Response #8: Setting The four purposes for setting in literature are to use the setting as a mood, to use it as an antagonist, to set a historical background, and to use it as symbolism. Authors use the setting to create the mood of the story in an effort to make stories more believable. For example, in The Lion, the Witch, and the Wardrobe by C.S. Lewis, it makes much more sense for a faun, dwarf, and queen to appear in the mystical land of Narnia than in the wardrobe or even the old house itself:    " 'This is the land of Narnia,' said the Faun, 'where we are now; all that lies between the lamppost and the great castle of Cair Paravel on the eastern sea. And you - you have come from the wild woods of the west?'"(Lewis, 44) The setting can also be used as an antagonist in the plot throughout the story. A good example of this is the character-vs-setting plot in Hatchet by Gary Paulsen. The setting of the story is mainly in the wilderness following the crash of the small plane that Brian is travelling on. Brian has to fight to survive the experience of being plunged into an environment where he had few of the skills necessary to survive. The use of setting as a historical background is extremely important in non-fiction or fictional stories. The description of language, dress, and lifestyle must all be accurate in order to differentiate between the setting being described and everyday life setting. For example, Mark Twain's Huckleberry Finn is written in the days before the civil war. Twain's use of southern dialect and his description of the way of life, including slavery, accurately depict life in the south before the war changed society. The setting of the story can also be used as a symbol. As noted in the text, the garden door in Frances Hodgson Burnett's The Secret Garden is symbolic. The rejuvenated garden symbolizes the healing of the  relationships throughout the story. Another example is in A. A. Milne's Winnie-The-Pooh:"Winnie-the-Pooh lived in a forest all by himself, and Christopher Robin lived behind a green door in another part of the wood.” ( 3) The green door could symbolize the real world where Christopher Robin lives with his stuffed bear, Edward Bear. On the other side of the door is the imaginary wood where Winnie-The-Pooh and all of his friends live. Setting describes where, when, and the context in which a story takes place. It is the backdrop for all stories. The setting of Beauty and the Beast, for example, would be France. The setting of The Great Gatsby is the 20's, and the setting of Flags of our Fathers would be the middle of a war. It is the where when and how, essentially.Prompt: In your response, explain why the setting of your story is appropriate to the plot and characters of the story. Consider the following important aspects of setting in your response and as well as the information given in the notes above. Is the description of the setting strong enough to place the reader inside of the story? If the story were to take place in a different time period would  the events in the story make sense? Does the setting help make the story believable or unbelievable? If your story could still make sense in any setting explain why this is true showing understanding of the purpose of setting in your response. (It may help to consider if your story could be told successfully in a different setting---this may provide insight into why the author chose a particular time or place.)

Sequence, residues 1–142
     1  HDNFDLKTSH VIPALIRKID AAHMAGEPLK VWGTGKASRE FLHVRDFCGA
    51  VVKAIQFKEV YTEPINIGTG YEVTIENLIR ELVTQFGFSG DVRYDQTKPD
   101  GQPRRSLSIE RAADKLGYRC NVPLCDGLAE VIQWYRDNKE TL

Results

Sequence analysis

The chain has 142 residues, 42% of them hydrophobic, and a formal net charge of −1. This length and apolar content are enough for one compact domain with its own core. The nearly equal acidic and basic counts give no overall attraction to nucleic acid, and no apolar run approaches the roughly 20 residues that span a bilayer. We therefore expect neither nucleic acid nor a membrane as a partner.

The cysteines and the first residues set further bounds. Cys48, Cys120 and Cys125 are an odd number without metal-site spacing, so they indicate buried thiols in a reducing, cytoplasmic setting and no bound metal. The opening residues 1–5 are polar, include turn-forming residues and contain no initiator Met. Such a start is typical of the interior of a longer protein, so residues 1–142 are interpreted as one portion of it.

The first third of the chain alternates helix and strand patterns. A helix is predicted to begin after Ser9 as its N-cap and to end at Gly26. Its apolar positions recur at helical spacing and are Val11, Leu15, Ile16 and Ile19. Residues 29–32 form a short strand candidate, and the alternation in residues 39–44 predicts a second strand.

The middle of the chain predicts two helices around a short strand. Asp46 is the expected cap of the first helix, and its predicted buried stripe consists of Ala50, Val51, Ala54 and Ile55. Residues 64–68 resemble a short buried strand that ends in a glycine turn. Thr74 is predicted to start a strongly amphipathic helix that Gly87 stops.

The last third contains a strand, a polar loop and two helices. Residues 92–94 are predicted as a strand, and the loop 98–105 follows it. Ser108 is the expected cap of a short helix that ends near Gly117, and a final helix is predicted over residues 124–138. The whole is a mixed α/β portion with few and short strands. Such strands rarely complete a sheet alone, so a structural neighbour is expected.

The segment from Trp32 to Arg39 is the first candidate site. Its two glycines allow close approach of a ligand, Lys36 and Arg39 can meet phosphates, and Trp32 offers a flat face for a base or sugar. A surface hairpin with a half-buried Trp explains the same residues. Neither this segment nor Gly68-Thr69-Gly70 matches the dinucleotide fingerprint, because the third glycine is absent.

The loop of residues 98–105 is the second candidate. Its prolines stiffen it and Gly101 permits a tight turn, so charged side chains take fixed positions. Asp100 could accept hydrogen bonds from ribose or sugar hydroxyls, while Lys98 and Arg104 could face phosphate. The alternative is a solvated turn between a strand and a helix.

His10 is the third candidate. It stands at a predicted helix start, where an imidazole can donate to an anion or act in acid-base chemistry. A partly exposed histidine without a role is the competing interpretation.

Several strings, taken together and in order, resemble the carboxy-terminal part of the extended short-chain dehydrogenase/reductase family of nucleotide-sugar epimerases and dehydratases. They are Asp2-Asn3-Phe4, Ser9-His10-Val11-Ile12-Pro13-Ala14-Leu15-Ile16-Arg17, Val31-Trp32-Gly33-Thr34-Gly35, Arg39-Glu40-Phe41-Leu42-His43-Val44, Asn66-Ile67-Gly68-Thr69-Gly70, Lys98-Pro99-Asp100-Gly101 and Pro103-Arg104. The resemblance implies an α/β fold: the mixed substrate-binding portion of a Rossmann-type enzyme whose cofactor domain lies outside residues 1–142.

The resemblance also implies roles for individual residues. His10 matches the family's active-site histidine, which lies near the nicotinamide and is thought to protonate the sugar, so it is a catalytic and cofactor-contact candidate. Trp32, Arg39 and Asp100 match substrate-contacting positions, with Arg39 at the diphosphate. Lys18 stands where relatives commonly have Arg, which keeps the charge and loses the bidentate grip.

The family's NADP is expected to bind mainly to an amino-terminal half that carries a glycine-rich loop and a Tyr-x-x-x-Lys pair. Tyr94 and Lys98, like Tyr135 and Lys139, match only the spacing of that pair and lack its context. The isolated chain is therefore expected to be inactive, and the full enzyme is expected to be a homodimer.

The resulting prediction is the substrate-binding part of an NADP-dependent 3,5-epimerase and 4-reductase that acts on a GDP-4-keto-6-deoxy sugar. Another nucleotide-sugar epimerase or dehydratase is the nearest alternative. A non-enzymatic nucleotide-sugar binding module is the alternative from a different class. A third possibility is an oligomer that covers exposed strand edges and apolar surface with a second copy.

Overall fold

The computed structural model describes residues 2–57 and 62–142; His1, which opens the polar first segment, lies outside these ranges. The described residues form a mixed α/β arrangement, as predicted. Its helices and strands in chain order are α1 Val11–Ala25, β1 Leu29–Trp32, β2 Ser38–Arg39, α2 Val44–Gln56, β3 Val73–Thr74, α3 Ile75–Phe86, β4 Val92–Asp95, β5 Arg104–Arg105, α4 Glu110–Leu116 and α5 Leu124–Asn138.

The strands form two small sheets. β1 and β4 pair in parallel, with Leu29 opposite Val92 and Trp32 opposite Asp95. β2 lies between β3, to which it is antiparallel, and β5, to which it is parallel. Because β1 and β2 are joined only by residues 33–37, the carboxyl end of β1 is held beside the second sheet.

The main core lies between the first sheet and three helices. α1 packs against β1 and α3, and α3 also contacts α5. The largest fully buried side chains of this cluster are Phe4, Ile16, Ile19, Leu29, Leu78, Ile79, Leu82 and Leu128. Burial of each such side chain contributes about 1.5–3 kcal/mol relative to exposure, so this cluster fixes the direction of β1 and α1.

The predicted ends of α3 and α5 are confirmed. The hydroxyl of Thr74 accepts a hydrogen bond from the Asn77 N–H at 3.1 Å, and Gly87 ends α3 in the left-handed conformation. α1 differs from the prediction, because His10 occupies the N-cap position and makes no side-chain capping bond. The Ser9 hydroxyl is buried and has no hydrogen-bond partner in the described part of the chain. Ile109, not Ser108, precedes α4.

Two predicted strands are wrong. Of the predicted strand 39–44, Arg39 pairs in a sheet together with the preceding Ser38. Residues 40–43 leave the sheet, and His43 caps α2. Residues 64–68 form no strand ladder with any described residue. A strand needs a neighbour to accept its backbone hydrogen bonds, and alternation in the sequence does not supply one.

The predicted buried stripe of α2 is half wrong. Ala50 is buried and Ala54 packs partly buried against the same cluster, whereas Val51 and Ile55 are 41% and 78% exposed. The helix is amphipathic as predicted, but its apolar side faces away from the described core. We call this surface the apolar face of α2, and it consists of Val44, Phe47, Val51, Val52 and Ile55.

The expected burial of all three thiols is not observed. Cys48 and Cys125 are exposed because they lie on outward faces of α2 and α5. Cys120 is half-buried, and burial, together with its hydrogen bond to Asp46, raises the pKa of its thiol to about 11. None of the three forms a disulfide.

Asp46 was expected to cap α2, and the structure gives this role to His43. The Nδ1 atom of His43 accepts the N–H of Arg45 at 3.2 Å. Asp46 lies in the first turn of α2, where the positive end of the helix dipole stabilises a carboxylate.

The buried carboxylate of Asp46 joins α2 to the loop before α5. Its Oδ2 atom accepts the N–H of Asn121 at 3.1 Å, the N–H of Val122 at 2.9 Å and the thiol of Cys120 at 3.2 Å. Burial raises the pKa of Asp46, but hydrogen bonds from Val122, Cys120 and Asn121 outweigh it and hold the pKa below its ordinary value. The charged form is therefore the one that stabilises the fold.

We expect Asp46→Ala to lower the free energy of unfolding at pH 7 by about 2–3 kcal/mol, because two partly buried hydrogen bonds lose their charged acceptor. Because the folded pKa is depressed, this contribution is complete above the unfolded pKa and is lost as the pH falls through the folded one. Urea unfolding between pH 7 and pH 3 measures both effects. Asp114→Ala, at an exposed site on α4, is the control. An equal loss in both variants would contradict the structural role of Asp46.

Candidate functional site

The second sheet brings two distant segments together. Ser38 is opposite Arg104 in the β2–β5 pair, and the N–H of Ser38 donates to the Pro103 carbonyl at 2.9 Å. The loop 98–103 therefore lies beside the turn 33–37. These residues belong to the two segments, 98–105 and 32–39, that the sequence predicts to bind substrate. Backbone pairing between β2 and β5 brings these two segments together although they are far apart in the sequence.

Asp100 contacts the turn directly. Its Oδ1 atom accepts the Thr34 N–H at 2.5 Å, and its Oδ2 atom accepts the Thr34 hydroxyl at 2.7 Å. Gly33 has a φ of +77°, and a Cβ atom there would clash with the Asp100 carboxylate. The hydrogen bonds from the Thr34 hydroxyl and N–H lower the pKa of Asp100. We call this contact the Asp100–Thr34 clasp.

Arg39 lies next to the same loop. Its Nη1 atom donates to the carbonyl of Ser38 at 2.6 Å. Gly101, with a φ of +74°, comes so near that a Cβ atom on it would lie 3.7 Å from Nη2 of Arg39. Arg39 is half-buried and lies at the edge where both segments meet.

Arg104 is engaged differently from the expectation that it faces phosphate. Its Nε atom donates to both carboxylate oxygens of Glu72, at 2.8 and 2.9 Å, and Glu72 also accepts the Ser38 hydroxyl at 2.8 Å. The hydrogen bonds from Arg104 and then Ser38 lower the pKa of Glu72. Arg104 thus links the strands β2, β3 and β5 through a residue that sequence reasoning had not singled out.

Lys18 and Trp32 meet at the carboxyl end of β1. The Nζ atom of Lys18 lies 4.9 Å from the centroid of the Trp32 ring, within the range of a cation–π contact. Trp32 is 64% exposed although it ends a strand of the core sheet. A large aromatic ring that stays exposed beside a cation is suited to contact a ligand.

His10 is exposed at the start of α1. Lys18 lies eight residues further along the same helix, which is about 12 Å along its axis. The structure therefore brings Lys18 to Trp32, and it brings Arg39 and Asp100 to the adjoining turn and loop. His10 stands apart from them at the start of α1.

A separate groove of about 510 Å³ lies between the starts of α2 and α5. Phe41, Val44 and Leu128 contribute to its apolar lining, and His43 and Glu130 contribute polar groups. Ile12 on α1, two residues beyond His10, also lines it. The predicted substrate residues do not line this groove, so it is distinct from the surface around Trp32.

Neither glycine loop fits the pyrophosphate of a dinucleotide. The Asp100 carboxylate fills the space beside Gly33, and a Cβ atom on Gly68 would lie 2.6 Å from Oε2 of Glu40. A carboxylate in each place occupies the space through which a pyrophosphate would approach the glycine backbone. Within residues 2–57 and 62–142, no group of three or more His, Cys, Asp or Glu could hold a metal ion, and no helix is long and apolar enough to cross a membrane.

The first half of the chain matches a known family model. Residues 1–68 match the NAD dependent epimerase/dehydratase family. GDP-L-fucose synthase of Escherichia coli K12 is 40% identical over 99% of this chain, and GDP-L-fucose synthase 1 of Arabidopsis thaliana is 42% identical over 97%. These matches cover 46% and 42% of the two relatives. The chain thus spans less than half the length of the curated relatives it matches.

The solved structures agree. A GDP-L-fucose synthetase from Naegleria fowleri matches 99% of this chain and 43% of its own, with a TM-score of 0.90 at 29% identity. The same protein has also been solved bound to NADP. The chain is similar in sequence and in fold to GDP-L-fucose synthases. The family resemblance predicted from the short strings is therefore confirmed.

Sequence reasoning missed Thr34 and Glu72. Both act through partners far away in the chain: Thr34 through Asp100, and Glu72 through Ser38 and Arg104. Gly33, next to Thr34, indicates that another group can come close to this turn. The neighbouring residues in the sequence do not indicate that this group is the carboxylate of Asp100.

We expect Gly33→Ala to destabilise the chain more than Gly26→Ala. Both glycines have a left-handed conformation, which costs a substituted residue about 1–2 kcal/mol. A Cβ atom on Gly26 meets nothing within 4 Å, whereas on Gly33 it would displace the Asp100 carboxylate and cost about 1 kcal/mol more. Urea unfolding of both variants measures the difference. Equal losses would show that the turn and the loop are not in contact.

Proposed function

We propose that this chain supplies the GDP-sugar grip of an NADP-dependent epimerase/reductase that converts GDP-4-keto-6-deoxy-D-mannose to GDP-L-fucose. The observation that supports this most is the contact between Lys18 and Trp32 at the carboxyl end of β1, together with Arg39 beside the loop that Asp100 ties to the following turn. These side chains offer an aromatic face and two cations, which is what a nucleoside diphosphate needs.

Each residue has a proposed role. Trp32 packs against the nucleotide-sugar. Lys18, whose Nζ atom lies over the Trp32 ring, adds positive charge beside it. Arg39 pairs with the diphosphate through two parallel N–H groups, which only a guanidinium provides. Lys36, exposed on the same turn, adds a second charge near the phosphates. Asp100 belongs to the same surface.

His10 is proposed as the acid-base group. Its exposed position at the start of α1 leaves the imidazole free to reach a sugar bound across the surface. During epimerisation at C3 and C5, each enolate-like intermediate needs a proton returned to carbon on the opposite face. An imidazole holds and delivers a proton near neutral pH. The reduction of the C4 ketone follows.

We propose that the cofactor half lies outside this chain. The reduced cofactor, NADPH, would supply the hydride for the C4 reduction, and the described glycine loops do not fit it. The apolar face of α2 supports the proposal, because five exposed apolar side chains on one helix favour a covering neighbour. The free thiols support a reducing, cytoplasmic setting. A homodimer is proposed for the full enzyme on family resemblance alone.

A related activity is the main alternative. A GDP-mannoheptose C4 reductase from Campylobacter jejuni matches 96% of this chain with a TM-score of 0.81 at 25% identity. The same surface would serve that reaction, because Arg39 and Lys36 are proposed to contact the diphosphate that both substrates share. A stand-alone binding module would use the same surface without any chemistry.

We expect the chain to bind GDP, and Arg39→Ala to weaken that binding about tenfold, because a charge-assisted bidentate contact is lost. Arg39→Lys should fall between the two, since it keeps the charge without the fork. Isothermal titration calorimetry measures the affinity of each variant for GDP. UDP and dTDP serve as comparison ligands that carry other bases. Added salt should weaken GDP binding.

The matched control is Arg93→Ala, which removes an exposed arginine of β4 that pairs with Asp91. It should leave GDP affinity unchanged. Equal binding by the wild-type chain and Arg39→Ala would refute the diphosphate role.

Posted: November 25, 2011

Response 7:  Making Predictions Making predictions is an important part of reading. Strong readers use this technique almost unconsciously… it is a useful skill in both fiction and non-fiction reading. Using one of the books you have finished or a book that you are almost finished. Did the book end the way you thought it would? Explain why or why not? What clues did the author give you that helped you to predict what would happen next? Did you think these clues were important as you were reading or did they only make sense once you were done the story?

Posted: November 25, 2011

Section 3.9Page 155Question 4, 5, 6, 7 Unit Test will be on Wednesday November 30

Posted: November 22, 2011

Unit 3 Section 3.7Pages 145-14612, 13, 14, 16, 17

Posted: November 21, 2011

Unit 3 Section 3.7 Page 145 Questions: 4, 5, 8